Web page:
S Sorrensen’s Here & Now: Museum to die for

Image S Sorrensen

My place. Anzac Day, 7.30am

Here we go again…

I can hear Turnbull on the radio, his whine mixing with the tolling of the bellbirds. Both are death knells, but bellbirds have a sweeter tone.

Turnbull’s in Villers-Bretonneux, France, opening an overseas Australian war museum, the Sir John Monash Centre. (It cost nearly $100 million.) Meanwhile, in Australia, plans are afoot to extend the Australian War Memorial (about $500 million). Anzac is a thriving industry.

His voice drones on about war with the same sincerity that tells us that coal is good, refugees are bad and the rich need a tax break.

It makes me angry. I want to hit something. Luckily, I have a hammer.

I’m making steps for my shack under the cliffs. Of course, there is already a step of sorts there, but it’s as dodgy as a pollie’s waffle – an 8×3 plank on two tree stumps. After snapping my achilles tendon on this step a year ago, I’m determined to make real steps. Today. (I don’t act hastily.)

The squawking of opportunistic politicians that dominates Anzac Day these days distracts our attention away from the reality: the callous disregard Australian governments have for human life. They send young people to kill other young people in far-off lands like France, Turkey, Afghanistan, Iraq and Vietnam. War is a horror show choreographed by older men in expensive suits, far from the blood. We shouldn’t forget that.

Despite the chanting of ‘Lest we forget’ by young Australians draped in Chinese-made Australian flags, we do forget. There’s political and commercial potential in the militarisation of our national psyche. (Arms dealing means jobs, right?)

We forget that our young men died in WWI, not defending Australia, but defending Britain. We didn’t learn. Our soldiers continue to die in, and for, other countries.

To hear these politicians, these well-heeled killers, prattle on about honour and sacrifice just makes me… Luckily, I have a saw, and steps to build.

Usually, when you make steps, you use stringers. That’s a building term, but, because I’m not really a builder, stringers are beyond me. And, seeing as there are only two treads (another building term) in my staircase, I’m going to make frames with 3x2s (left over from a stud wall), onto which I will attach the two treads. Clear?

Anyway, I can hammer and drill my way through the frustration I feel as this country, which has the opportunity to build a visionary democracy using its untapped wealth of history, stumbles down the track of deliberate forgetting, simplistic populism and corporate convenience.

To spend a hundred million dollars in France – to spend hundreds of millions of dollars on extending the Australian war museum (while still totally neglecting the only war Australians fought on Australian soil against invasion) – only highlights the Anzac hypocrisy.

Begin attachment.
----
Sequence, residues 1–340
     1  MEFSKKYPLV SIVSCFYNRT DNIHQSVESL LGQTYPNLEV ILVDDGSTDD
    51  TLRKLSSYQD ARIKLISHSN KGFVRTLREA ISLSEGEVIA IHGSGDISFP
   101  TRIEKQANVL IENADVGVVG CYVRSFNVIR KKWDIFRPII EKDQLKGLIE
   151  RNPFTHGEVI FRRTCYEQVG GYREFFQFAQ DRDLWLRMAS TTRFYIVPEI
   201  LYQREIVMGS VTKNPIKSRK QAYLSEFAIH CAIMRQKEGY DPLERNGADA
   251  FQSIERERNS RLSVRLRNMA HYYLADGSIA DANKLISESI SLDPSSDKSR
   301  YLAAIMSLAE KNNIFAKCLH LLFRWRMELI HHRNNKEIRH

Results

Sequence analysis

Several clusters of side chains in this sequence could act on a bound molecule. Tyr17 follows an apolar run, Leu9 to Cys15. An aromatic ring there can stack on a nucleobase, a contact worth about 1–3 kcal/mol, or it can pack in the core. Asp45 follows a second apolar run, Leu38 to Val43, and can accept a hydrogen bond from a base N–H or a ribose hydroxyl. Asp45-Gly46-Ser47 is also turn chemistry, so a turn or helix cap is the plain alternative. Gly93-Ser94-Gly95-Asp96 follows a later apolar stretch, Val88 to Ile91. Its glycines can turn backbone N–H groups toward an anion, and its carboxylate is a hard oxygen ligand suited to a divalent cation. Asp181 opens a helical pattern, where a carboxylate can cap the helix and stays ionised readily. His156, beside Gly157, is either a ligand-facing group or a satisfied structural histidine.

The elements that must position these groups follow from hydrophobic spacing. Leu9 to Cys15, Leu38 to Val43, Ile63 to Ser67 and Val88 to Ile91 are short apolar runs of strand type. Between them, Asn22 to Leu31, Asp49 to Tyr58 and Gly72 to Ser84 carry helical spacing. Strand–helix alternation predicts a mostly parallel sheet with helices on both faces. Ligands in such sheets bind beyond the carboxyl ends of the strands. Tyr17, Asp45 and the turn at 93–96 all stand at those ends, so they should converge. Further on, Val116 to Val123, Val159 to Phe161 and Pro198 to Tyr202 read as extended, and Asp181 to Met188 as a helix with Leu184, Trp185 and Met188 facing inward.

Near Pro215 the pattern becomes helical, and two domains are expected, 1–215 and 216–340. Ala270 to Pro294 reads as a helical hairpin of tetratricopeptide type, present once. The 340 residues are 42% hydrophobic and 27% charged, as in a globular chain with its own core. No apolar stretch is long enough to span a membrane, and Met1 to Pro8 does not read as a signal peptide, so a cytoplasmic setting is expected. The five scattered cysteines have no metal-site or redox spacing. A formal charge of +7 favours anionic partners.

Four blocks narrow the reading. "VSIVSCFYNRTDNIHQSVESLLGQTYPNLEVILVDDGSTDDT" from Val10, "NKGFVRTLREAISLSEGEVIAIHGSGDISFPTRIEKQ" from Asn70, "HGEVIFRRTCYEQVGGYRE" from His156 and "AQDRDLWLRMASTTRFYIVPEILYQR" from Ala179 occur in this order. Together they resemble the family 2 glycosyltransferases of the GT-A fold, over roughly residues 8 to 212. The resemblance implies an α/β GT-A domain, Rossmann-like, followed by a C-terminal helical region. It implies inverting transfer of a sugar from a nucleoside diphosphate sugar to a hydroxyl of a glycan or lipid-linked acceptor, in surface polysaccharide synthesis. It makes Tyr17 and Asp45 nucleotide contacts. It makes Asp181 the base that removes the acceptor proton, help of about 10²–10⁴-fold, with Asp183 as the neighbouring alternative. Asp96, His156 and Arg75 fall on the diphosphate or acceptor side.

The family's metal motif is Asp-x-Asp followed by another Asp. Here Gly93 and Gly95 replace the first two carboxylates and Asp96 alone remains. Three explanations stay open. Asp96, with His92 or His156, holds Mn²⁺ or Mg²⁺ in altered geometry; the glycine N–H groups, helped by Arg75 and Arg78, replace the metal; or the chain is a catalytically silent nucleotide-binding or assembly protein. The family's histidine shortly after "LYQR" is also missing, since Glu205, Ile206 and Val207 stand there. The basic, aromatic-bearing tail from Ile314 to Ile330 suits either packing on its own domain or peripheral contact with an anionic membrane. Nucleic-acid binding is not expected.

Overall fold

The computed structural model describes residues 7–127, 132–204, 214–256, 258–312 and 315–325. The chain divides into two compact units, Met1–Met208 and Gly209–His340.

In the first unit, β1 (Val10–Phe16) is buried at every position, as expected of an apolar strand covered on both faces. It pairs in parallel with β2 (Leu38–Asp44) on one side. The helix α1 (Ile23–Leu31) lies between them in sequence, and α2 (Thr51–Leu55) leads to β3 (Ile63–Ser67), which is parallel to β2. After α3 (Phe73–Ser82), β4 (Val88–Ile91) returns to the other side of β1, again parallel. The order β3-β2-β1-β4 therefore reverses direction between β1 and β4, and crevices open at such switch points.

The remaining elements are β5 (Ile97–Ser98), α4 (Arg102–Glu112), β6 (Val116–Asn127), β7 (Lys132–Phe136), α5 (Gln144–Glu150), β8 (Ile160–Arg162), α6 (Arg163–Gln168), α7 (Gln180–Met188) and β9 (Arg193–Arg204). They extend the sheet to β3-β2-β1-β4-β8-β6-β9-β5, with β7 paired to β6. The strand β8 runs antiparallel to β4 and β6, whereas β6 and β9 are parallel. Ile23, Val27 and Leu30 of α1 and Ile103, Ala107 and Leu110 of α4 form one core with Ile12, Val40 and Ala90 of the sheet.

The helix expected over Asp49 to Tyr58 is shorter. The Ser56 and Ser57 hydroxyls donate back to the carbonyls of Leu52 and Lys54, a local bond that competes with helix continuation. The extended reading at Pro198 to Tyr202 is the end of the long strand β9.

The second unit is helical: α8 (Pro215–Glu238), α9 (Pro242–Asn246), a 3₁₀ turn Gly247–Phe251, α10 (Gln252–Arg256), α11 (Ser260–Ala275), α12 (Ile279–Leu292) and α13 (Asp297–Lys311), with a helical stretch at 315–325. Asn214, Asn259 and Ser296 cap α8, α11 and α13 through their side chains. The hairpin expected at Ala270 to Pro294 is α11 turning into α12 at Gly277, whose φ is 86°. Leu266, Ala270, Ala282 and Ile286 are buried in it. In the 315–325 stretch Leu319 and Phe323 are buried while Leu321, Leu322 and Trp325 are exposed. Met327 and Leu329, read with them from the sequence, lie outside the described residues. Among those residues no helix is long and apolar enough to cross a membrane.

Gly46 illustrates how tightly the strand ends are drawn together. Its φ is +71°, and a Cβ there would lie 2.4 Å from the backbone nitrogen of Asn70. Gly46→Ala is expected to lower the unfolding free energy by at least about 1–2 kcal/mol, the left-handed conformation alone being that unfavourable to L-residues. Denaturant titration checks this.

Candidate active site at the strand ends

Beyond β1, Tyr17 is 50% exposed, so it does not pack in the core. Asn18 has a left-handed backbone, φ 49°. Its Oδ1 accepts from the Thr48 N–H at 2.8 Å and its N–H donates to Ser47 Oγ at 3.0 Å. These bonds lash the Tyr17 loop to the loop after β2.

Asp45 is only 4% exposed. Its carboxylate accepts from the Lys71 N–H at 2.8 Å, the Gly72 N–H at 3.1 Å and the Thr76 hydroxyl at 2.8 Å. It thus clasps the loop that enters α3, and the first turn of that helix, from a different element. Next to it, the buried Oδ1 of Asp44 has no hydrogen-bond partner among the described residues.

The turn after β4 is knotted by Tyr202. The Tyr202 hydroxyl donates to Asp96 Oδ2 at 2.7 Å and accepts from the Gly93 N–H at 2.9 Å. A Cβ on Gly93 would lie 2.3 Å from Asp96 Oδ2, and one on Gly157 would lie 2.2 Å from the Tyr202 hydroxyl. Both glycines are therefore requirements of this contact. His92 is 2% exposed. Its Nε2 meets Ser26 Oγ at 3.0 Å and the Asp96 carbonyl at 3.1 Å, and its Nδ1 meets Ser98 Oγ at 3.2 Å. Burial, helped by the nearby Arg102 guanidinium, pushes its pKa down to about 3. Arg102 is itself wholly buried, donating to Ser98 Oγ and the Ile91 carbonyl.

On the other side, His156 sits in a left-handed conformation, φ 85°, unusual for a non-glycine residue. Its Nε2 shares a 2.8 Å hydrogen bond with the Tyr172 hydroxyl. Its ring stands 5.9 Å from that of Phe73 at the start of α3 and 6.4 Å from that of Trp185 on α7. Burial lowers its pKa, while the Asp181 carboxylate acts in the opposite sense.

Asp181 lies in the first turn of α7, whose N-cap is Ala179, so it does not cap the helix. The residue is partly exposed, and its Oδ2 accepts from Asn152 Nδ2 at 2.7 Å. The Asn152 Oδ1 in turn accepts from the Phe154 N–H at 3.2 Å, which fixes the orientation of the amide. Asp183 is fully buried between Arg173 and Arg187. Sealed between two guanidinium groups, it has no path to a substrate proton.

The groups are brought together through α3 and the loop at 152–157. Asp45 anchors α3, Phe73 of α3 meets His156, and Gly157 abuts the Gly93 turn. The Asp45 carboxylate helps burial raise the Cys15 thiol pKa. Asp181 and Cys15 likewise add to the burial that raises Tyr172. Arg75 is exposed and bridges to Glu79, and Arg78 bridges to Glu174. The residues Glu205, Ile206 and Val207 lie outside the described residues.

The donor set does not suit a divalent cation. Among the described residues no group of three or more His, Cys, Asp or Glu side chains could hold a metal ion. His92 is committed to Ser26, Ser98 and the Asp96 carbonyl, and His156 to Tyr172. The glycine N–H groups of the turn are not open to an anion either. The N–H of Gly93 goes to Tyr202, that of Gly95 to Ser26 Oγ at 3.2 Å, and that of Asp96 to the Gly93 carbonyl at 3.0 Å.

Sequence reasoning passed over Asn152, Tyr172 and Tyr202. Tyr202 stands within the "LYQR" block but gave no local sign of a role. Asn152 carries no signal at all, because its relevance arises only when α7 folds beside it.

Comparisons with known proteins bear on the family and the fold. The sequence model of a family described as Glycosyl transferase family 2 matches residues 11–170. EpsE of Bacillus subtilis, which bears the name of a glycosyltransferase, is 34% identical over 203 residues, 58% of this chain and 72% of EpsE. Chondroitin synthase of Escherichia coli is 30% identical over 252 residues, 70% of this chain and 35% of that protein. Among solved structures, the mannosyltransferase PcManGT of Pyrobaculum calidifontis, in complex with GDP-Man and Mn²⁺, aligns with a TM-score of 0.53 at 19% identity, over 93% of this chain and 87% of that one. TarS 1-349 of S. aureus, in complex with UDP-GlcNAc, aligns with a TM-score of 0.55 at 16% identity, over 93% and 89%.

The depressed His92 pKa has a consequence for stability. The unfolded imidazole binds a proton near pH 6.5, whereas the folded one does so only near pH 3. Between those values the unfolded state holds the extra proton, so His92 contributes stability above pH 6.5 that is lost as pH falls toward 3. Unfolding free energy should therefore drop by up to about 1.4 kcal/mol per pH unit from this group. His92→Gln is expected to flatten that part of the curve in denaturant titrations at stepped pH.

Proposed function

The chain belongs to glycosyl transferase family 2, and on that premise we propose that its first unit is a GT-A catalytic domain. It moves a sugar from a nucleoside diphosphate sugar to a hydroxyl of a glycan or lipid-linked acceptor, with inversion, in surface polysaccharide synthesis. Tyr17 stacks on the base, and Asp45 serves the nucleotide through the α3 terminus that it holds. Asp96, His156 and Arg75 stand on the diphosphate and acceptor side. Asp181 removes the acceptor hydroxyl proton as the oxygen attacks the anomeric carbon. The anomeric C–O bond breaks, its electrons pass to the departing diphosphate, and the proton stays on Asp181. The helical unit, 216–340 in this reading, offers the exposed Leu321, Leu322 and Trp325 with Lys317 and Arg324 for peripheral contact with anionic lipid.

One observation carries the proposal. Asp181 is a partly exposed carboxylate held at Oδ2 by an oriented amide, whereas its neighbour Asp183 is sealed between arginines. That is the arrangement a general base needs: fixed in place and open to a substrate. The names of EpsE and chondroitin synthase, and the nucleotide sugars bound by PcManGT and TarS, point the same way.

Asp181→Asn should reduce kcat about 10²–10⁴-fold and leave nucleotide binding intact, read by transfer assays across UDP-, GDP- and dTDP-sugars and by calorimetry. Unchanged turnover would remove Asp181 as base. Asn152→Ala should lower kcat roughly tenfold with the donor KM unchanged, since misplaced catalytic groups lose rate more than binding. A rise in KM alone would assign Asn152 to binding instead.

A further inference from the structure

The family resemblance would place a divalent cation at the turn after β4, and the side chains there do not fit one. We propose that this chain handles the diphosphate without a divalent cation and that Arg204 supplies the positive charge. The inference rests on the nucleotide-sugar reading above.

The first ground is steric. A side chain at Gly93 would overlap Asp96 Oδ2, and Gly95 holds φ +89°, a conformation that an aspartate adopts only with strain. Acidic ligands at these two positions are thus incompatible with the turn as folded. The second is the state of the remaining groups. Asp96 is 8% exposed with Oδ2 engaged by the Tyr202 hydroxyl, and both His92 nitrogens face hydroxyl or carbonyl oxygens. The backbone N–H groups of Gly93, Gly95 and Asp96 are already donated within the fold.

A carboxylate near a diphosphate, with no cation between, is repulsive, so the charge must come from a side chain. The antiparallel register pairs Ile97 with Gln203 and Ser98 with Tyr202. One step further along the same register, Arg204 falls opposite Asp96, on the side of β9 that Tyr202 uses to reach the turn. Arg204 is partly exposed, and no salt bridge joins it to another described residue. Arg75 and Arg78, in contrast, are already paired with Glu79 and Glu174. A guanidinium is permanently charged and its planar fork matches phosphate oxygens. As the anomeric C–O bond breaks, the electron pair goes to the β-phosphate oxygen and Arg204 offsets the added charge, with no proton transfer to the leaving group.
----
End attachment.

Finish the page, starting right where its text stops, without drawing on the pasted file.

There are many returned soldiers in the community struggling with war-induced traumas inflicted upon them by impoverished leadership. That money, the people’s money, would be better used helping those soldiers. That would be showing true respect. That would be honouring all soldiers who served. That would be not forgetting the real message of Anzac Day.

I have the 3x2s on the sawhorses. I have marked out the cuts. My circular saw is ready. I pull on the cord of the generator (my solar regulator cannot handle power saws)…

Nothing. It doesn’t start. Bellbird knell and Turnbull whine still pollute the air. I check the exhaust. Mud wasp nest. I scrape it out.

There are real battles to be fought in this country – Indigenous neglect, climate change, housing crisis – but the government, while applauding the bravery of those it sends to war, is a coward and avoids those battles at all cost.

I pull the cord again. Success. Noise.

Ah, Turnbull gone.

One response to “S Sorrensen’s Here & Now: Museum to die for”

  1. Joachim Staats says:

    My sentiments as well

Leave a Reply to Joachim Staats Cancel reply

Your email address will not be published. Required fields are marked *


Become a supporter of The Echo

A note from the editorial team

Some of The Echo’s editorial team: journalists Paul Bibby and Aslan Shand, editor Hans Lovejoy, photographer Jeff Dawson and Mandy Nolan

The Echo has never underestimated the intelligence and passion of its readers. In a world of corporate banality and predictability, The Echo has worked hard for more than 30 years to help keep Byron and the north coast unique with quality local journalism and creative ideas. We think this area needs more voices, reasoned analysis and ideas than just those provided by News Corp, lifestyle mags, Facebook groups and corporate newsletters.

The Echo is one hundred per cent locally owned and one hundred per cent independent. As you have probably gathered from what is happening in the media industry, it is not cheap to produce a weekly newspaper and a daily online news service of any quality.

We have always relied entirely on advertising to fund our operations, but often loyal readers who value our local, independent journalism have asked how they could help ensure our survival.

Any support you can provide to The Echo will make an enormous difference. You can make a one-off contribution or a monthly one. With your help, we can continue to support a better informed local community and a healthier democracy for another 30 years.”

Echonetdaily is made possible by the support of all of our advertisers and is brought to you by this week's sponsors Vast Furniture & Homewares Ballina and Falls Festival Byron Bay.